The policy involves the Australian navy intercepting and forcing back to Indonesia boats crowded with undocumented migrants heading to Australia.

“Now that we have three frigates on the border, a clash could be imminent as our Navy will prevent the towing back,” said the official, who spoke on the condition of anonymity due to the sensitivity of the issue.

The TNI has been occupied for more than four decades with quelling domestic threats — primarily, separatist conflicts in Aceh and Papua, as well as communal and sectarian violence in Kalimantan and Maluku. Its resources and command structure have been mostly tailored accordingly.

But as domestic threats have receded in the past eight years, the TNI has gradually shifted its focus to building deterrent capabilities, and has taken a more serious approach regarding foreign coercion than before.

2) Respect for others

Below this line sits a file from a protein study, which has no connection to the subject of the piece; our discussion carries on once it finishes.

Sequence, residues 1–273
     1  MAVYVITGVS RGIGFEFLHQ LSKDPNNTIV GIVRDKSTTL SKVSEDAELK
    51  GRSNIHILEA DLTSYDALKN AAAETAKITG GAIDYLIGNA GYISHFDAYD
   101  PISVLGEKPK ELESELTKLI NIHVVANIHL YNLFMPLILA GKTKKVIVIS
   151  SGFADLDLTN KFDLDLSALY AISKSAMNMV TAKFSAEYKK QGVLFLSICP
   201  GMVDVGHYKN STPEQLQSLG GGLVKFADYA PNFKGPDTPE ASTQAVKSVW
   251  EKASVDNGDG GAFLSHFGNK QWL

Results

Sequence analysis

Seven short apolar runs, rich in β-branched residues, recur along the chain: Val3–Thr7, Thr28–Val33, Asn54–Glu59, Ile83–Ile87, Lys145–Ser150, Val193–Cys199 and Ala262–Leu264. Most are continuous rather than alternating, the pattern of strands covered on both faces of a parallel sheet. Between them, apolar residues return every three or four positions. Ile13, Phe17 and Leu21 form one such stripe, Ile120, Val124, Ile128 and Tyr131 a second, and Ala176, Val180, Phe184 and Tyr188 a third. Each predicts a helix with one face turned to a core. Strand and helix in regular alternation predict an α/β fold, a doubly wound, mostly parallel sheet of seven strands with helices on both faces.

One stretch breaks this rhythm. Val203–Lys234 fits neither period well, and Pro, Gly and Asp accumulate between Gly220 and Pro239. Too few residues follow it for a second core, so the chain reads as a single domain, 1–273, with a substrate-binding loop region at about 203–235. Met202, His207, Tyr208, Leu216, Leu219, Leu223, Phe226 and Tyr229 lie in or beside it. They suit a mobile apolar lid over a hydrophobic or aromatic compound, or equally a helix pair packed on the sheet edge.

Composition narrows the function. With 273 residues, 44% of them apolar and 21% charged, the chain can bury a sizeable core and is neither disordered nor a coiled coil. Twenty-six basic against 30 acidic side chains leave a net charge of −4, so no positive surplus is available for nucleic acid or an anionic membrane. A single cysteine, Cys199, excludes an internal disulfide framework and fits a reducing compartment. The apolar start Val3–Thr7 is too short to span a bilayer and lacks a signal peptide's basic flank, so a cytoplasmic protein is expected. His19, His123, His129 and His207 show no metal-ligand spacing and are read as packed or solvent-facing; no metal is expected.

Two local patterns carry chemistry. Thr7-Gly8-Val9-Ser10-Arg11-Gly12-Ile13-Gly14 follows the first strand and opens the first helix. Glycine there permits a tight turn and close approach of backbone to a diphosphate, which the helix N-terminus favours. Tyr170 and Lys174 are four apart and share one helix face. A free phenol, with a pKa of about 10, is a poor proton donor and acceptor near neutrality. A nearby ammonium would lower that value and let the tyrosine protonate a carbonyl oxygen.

Off The Wall With Padre James Bhagwan
Wednesday, January 22, 2014

A COLLECTIVE sigh of disappointment went out last week as news came out that the Melanesian Spearhead Group (MSG) delegation on a fact-finding mission to Tanah (West) Papua was in fact going to spend only one day in the province and go no further than meeting the Indonesian Government, which claims sovereignty over the territory it calls "Irian Jaya", a mainly Melanesian and Christian part of Indonesia comprising the western half of the island of New Guinea.
According to The Guardian newspaper, West Papuan activists claim that the Indonesian military and police blocked them from meeting the delegation when it arrived in the Tanah Papuan capital of Jayapura. Dozens of people were arrested and an elderly woman manhandled by police when West Papuans gathered in the streets to protest against their exclusion from the meeting.